Archive for the ‘PHP’ Category

PHP: Free password generator code to generate random passwords of varying lengths for web applications

Saturday, December 5th, 2009

Here is some php script you can use to create a password generator on your server, computer or web site. The html form uses a php action to point back to itself. There is a working version here: Password Generator.

Passwords and userids are hard to create. Being human we tend to follow the path of least resistance. In regard to passwords and userids, we tend to follow distinctive patterns in their creation. Using a password and userid generator enables you to use the strength of a computer to create random passwords and userids.

All this script goes on one page. Open a new file and call it whatever you want as long as it has a .php extension. Here is the form part of the script:



Select a length and complexity to create a password. You
can also use this to generate userids, because userids
should also be unique. NOTE: The passwords are randomly
generated, so you have the only record.
Make sure you write the password down!

4 characters
8 characters
12 characters
16 characters
20 characters

numbers
letters
numbers and letters
numbers, letters and characters

Once you have this code pasted into the file with the .php extension it is now time to add the php code that makes this work. Here it is:


Once you have that code pasted under the form script, save the document and open the php file in a web browser and you should be able to start working with generating your own passwords and userids. You will need to change the special characters to ASCII or the PHP interpreter may give you difficulties.

If it does not work make sure you are opening the page on a web server that supports php. With Apache, that might mean moving the file to the /var/www directory on your system and going to localhost/file_name.php.

Enjoy and do not let creating passwords and userid become a problem any more. Here is the link once more for the working version of this script: Password Generator.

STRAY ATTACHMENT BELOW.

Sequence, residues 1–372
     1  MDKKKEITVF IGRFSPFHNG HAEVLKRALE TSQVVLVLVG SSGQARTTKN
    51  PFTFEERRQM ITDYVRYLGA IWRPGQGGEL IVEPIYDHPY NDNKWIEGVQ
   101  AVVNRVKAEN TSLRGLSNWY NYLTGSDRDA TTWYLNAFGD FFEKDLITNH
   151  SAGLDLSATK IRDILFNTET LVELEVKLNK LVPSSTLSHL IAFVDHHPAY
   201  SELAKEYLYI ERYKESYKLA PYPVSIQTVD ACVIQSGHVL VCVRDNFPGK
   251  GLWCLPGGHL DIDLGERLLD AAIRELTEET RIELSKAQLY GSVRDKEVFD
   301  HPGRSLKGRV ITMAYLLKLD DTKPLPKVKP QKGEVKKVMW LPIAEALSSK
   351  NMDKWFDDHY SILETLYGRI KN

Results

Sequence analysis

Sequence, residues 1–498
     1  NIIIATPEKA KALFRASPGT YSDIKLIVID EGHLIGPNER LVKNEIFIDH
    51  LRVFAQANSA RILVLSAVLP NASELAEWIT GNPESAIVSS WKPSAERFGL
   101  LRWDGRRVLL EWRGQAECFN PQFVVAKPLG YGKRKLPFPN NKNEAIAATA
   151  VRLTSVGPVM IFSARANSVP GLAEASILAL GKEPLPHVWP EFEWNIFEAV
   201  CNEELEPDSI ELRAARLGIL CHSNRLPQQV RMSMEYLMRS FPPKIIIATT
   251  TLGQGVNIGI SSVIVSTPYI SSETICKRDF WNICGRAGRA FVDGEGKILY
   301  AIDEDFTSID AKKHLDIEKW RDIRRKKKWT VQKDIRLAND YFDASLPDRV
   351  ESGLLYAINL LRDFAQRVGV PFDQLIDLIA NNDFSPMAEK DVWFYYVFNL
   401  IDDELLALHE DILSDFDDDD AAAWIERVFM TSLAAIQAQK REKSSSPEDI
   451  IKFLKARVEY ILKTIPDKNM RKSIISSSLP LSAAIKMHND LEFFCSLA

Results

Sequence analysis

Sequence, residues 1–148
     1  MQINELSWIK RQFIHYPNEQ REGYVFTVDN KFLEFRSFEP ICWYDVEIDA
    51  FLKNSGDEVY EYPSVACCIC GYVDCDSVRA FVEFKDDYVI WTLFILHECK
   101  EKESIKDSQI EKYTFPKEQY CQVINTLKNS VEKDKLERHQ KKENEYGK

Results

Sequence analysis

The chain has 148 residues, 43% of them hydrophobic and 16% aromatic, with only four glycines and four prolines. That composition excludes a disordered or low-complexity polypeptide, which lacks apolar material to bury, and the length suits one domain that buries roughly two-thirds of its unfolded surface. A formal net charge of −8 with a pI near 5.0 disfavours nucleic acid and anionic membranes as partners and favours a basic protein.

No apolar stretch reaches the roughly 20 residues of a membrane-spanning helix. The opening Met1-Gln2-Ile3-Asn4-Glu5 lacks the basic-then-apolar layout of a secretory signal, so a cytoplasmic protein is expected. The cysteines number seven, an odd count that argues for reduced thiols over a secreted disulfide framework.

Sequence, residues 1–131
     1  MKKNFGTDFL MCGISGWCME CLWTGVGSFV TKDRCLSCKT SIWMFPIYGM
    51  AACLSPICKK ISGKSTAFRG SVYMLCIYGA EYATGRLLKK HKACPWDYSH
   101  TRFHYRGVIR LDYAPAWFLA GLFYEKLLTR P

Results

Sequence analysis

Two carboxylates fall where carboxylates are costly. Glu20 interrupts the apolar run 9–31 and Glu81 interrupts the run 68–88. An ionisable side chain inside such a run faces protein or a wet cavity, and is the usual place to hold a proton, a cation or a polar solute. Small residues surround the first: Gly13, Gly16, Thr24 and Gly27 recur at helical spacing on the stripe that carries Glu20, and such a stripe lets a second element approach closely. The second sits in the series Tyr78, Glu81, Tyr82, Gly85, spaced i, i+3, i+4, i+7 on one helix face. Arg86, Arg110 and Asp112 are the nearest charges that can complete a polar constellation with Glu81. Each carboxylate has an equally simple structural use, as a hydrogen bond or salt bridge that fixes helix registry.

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PHP: Keep the form email spam down with these simple tricks for your form mail

Wednesday, December 2nd, 2009

Are you tired of receiving form spam? You are not alone and should not feel you are doing anything wrong. You are just trying to conduct business and making your customer experience as enjoyable as possible. Here are a few tips to help you in your quest.

Form validation is a good start. You will need to validate the information on the client and server side. Some clients have JavaScript disabled and spambots do not use the SUBMIT button. Server side validation consists of checking all the fields before it is sent to email. However, this means you will need to create specific mailer programs for each form that has different fields.

CAPTCHA is great! However, in order to accommodate people with poor vision and also color blind people, CAPTCHA is just a step in the process. You should make your CAPTCH simple enough not to hinder your customers. Just having any form of CAPTCHA on your forms will chase away the casual spambots.

Another idea is to change the name of your mailer program. Godaddy uses gdform as the name of the mailer program. Change it to another name, like mygreatform. Now call mygreatform from the action part of your HTML form. However, this will just chase the spambots looking for gdform within the action part of forms.

Here is another simple trick I have used in the past. Create a hidden field that only spambots can see. This is not hard to do. Add the following to your HTML form: . This will create a field on the form that viewers will not be able to see, but spambots will fill out. Now, handle the field.

Handling the field is straight forward in PHP. Within the form mailer program, before anything gets started. Add the following test:

if(strlen($_POST['mycomments_2']) != 0) { header(“Location:
 http://anywhere/"http://anywhere you want.com”); }

If you are using a hosting plan mailer, you want to place the above script inside both the

 “$request_method == “GET” and “$request_method == “POST”

, that way you get the spambots regardless of how they send them spam.

I would recommend using all the above. The most difficult to implement will be the CAPTCHA; however, the others should only take about 30 minutes. Remember, your forms are for your customer’s convenience and should not become an obstacle. So, do not become so infatuated with form security that your customers no longer want to fill out your forms.

Enjoy and please let everyone know how you deal with form security.